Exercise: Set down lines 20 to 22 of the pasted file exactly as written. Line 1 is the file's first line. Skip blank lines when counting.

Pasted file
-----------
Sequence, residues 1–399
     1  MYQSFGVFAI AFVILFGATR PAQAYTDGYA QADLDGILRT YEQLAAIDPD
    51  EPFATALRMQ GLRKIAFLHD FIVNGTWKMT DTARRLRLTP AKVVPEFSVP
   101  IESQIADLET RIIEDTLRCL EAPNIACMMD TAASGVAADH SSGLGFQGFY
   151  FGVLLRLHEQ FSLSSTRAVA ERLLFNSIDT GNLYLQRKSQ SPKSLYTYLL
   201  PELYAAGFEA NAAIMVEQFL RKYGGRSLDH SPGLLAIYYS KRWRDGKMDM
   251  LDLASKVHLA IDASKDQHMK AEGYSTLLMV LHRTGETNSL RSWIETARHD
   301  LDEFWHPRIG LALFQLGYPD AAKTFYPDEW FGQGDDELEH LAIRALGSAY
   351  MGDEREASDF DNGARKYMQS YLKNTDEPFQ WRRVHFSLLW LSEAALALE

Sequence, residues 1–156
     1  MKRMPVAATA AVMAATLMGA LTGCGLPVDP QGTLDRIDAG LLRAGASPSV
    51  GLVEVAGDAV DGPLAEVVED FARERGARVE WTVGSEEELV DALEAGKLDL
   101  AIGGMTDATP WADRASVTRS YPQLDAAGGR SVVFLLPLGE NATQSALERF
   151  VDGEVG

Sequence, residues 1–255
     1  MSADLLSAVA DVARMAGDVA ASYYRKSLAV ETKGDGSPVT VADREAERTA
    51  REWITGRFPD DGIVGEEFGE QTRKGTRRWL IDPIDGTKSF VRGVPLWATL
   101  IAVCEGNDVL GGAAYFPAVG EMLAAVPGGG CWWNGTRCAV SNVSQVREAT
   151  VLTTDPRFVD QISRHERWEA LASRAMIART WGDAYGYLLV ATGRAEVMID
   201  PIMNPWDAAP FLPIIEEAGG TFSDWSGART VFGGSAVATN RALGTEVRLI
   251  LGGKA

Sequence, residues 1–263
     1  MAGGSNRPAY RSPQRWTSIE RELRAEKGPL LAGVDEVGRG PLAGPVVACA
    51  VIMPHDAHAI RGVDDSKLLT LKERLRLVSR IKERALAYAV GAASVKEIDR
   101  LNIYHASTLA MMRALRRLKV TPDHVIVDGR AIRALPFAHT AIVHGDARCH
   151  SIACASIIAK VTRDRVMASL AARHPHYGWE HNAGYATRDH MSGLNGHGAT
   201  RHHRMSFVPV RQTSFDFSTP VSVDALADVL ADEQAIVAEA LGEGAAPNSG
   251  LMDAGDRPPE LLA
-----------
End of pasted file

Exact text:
   201  PIMNPWDAAP FLPIIEEAGG TFSDWSGART VFGGSAVATN RALGTEVRLI
   251  LGGKA

Sequence, residues 1–263